Construction Pros Disappointed With Trump’s Infrastructure Plan


The Trump administration has proposed a plan to repair the nation’s “failing infrastructure” that calls for $200 billion in federal spending over the next decade, according to a press release from the White House.

The president hopes the spending will foster $1.5 trillion in funding from states, cities and private companies for infrastructure projects, practically pushing the bulk of the country’s capital expenditure outlay onto local governments and private companies.

SEE ALSO: Central Park Conservancy Brings the Park Into Its New Fifth Avenue Offices

Of the federal money, $100 billion would be set aside for an “incentives program,” in which states, local governments and private companies would compete for funds for their infrastructure projects. Fifty billion dollars would be dedicated to build and modernize rural areas.

Twenty billion dollars would be allocated for the “transformative projects program,” and focus on giving federal aid to projects that could have positive impacts on states, cities and localities “but may not attract private sector investment,” the release says. Another $20 billion would be earmarked for existing federal infrastructure financing programs for rail, water and utilities. Finally, $10 billion would go toward purchasing property for federal government use and reducing “inefficient” leasing of properties.

Many construction experts responded that it was unreasonable that cities, states and private companies would have to shell out $1.5 trillion while the federal government would only provide $200 million.

“While we believe $200 billion is a good starting point, our national infrastructure systems will need a much larger investment from the federal government just to bring them up to a state of good repair and accommodate for future growth, let alone begin the transformative projects our country desperately needs,” Carlo Scissura, the president and CEO of the New York Building Congress, said in a statement.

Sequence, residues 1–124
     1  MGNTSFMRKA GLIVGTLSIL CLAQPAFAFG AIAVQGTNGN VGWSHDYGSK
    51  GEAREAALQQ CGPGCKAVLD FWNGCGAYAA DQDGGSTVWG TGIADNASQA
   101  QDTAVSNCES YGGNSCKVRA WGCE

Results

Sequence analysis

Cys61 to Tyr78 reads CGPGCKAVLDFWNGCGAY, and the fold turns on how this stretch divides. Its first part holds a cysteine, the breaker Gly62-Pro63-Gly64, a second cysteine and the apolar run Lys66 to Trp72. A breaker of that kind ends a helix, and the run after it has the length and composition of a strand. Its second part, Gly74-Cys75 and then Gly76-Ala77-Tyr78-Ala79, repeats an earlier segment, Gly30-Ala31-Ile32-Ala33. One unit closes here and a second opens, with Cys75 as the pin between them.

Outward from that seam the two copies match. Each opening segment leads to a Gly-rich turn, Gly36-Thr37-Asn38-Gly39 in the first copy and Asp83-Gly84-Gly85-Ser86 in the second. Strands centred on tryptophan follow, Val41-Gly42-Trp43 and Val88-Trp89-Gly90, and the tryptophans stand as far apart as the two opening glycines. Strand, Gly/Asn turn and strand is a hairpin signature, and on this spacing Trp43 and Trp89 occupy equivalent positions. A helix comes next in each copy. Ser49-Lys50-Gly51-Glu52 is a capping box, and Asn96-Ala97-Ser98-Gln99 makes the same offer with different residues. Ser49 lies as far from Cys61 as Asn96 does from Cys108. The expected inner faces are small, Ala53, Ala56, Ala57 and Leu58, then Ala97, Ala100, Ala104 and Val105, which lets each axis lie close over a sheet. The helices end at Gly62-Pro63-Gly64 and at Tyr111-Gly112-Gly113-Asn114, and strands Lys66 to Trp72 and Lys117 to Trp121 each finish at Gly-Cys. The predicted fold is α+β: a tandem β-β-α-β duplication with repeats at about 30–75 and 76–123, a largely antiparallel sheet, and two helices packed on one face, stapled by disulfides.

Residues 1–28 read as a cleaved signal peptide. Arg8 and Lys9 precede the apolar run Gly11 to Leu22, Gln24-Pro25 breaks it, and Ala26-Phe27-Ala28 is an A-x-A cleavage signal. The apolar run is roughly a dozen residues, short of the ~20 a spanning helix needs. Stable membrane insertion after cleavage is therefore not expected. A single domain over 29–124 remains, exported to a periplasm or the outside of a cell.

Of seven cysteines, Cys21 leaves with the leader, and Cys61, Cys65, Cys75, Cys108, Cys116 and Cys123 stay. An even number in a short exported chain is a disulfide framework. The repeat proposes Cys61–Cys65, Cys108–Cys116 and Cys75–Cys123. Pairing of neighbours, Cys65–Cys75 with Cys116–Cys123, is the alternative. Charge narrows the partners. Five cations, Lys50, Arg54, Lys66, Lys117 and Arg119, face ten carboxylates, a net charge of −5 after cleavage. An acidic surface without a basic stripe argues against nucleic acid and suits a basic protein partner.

Moreover, there is a fear that without enough federal funds, the president would end up assigning more public work projects to private companies, which may not utilize union workers or serve the best interests of the public.

“The American people need investment in our crumbling roads and bridges, schools, public transit and affordable housing but President [Donald] Trump’s plan does little to address this need and is a giant privatization scheme to line the pockets of the wealthy,” Héctor Figueroa, the president of property service workers union 32BJ SEIU, said in prepared remarks. “It could also roll back decades of progress on labor standards and may open the door to wages and benefits being slashed.”

The plan was also concerning to some because it doesn’t detail how private companies would benefit from partnerships with local governments (such as giving them tax credits). And private dollars are likely to become harder to obtain in the future due to rising interest rates.

Heidi Learner, the chief economist at Savills Studley, told CO that private companies are not going to be jumping at the chance to contribute toward the $1.5 trillion for infrastructure with rising interest rates and a lack of clarity in the president’s proposal.

“This [plan] is already on the backdrop of rising interest rates, so the cost of any funding that any private sector is putting forth to be invested in these projects is likely to increase, so the return on projects would have to likely increase,” Learner said.

Louis Coletti, the president and CEO of the Building Trades Employers’ Association of New York City, who welcomed spending for infrastructure was also displeased by the amount the administration has pledged. He suggested the infrastructure spending could have been tied with the recent tax reform legislation. The new tax change dropped corporate tax rates and rates on individuals, as CO previously reported.  

“We support the president’s proposal and focus on infrastructure but are disappointed in the lack of federal dollars to support these efforts,” Coletti said in an email to CO. “An opportunity to provide that funding was missed in not including [it] in the tax bill provisions that would have committed some of the funds companies were getting to bring their overseas profits back to the United States as a basis for an infrastructure bank.”